Crunch time: Orioles eliminated

Rangers sweep as rookies Parrish and Spurgeon falter

September 13, 2000|By Joe Strauss | Joe Strauss,SUN STAFF

ARLINGTON, Texas - Mike Hargrove hasn't had to perform this kind of arithmetic for most of a decade: What does it mean when games behind are greater than games remaining?

The answer, of course, is wait 'til next year ... or 2002.

The 65-80 Orioles were officially eliminated from the American League East race last night when they suffered a doubleheader sweep against the Texas Rangers. The common denominator was troubled outings by rookie starting pitchers John Parrish (2-4) and Jay Spurgeon (1-1), who surrendered a combined 11 runs in 5 2/3 innings. Five of the runs against the two began as walks. Four of six runs against Spurgeon were driven in by two home runs.

"I need to be more consistent. It's not enough to pitch like you're capable every other time out. It needs to be every time out," said Spurgeon.

"I hurt myself tonight. You can't walk guys with two outs like that. And the run that scored in the third started out as a walk. That can't happen, but it did tonight," said Spurgeon, who lasted four innings while allowing six earned runs on only four hits.

"It sounds crazy to say a guy pitched well after he gives up six runs. But if you take away the two home runs, I thought Spurgeon pitched well," said Hargrove.

Now 19 1/2 games off the division lead with 17 to play, the Orioles continue to look for flourishes that project to next season. Last night, two of their brightest talents gave themselves no chance.

The Rangers won the first game, 9-1, then scored four runs in the first inning against Spurgeon to win, 6-5, in the second game. The Orioles managed only three hits against Rangers starter Rick Helling (15-11) in the opener and were contained for seven innings in the finale by Kenny Rogers (12-13).

Hargrove hasn't experienced the sensation of being eliminated from a pennant chase since 1993. Only the Atlanta Braves' Bobby Cox has avoided the unpleasant aftertaste longer. Hargrove's teams followed with five consecutive AL Central titles, two World Series appearances and three 90-win seasons. Now, instead of looking forward to October, he projects toward next spring training.

"It's been awhile since I've been on this side of the math," he said before last night's double beating dropped the Orioles to 5-7 on a 13-game road trip which concludes tonight. "You take your motivation out of what we're involved in and the way this ballclub is being built. I'm very excited about this club and the chances for next year and the year after that. If we continue to add to it in the right way, this has a chance to be something the fans of Baltimore can enjoy for a long time."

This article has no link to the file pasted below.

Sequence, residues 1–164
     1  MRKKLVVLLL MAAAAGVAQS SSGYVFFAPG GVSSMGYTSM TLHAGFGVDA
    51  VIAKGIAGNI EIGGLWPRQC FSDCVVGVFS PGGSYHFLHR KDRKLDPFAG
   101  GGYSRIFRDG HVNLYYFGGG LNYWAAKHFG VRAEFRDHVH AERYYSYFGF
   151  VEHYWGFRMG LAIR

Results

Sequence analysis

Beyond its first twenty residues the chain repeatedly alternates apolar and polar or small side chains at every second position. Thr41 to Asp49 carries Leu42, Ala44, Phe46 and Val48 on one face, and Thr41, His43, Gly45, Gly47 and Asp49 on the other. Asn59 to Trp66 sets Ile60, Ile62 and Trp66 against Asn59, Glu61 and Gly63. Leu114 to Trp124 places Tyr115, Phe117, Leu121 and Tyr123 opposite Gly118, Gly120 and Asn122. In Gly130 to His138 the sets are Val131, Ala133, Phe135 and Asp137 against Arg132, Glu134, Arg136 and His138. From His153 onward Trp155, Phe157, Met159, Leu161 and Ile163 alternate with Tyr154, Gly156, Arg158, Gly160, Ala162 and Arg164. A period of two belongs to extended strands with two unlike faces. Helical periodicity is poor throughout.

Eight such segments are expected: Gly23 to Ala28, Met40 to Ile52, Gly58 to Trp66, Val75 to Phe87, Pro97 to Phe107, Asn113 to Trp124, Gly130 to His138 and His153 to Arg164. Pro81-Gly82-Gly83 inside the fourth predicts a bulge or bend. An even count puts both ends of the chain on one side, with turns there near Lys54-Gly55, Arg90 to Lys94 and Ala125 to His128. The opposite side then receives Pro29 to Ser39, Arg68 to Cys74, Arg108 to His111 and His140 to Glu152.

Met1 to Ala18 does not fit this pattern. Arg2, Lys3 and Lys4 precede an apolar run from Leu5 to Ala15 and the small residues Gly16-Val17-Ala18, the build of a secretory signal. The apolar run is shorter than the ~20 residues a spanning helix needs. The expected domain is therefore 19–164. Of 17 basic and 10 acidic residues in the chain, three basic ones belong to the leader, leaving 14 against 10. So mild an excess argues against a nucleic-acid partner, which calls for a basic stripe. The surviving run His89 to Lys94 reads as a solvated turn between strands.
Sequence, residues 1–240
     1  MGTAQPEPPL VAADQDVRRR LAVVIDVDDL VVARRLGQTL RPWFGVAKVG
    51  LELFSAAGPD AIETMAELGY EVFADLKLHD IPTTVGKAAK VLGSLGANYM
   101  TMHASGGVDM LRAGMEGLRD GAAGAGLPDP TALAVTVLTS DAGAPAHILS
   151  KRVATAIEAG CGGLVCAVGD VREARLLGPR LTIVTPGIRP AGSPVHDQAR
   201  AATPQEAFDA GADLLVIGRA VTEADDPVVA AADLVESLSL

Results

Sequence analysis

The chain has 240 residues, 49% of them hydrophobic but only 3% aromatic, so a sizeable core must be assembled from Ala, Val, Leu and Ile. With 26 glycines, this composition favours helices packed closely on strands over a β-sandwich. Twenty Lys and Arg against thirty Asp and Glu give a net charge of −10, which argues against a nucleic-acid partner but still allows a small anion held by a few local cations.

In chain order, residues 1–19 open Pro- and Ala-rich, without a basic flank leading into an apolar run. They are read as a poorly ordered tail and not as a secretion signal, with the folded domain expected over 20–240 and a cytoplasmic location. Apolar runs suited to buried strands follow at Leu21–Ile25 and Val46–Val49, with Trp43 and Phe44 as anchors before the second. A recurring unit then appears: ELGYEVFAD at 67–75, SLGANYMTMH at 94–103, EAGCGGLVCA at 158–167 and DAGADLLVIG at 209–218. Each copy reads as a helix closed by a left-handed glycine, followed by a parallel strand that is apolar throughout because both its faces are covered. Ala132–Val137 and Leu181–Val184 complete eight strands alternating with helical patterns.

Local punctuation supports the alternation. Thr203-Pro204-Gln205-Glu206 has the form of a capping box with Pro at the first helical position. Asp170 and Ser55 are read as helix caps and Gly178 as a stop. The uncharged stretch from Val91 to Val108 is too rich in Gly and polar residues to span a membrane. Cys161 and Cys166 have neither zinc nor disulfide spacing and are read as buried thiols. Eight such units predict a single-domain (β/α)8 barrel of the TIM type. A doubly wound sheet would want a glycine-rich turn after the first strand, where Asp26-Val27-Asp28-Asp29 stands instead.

The loss dropped the Orioles to 65-79 and prevented them from winning consecutive games for the first time this month. Indeed, they have spent the first 11 games of this 13-game trip by alternating wins and losses. Almost guaranteed the club's third straight fourth-place finish, Hargrove has maintained a strong grip on the long term.

"It's the big leagues and there are very few people who can do my job," Hargrove said. "I really like the players we've got. I think we have a fantastic owner [Peter Angelos]. He's much-maligned, but I think he's a good man and a good owner. I think there are a lot of things at work right now. I think that's very, very exciting ... Each situation has its own motivation. If it was in Seattle or in Oakland or in Cleveland, it would be a different story."

Instead, the Orioles used a second-game lineup that has produced a combined 38 home runs this season, 17 of them by Brady Anderson.

Anderson finished with three of the Orioles' 11 hits in the doubleheader, which saw Ryan Minor receive his first major-league start at first base, Brook Fordyce bat cleanup and Mark Lewis hit fifth.

In the opener, Cal Ripken played his second game at third base since returning from the disabled list Sept. 1. Ripken played the entire game, going 0-for-4 with two balls out of the infield to drop his month's average to .214 (6-for-28). He sat out the second game.

A bare-bones offense never had a chance in the finale. In less time than it takes to say "wild-card fever," Spurgeon trailed 4-0 in the first inning after retiring the first two hitters he faced. Rookie right fielder Pedro Valdez broke open the inning with a three-run homer, the first of his major-league career.

Parrish, optioned to Triple-A Rochester Aug. 30 to right himself, made his first major-league start since Aug. 29 and was crushed for five runs in 1 2/3 innings. Guilty of 16 walks in 10 2/3 innings covering his previous three starts, Parrish mixed three more walks among six hits in his first appearance since returning from Rochester. The Rangers erased a 1-0 lead resulting from Anderson's leadoff home run on Gabe Kapler's first-inning sacrifice fly. Parrish collapsed in the second when six of seven hitters reached against him.

Parrish's only out of the inning, Luis Alicea, settled for a sacrifice fly because of a diving catch by center fielder Eugene Kingsale.

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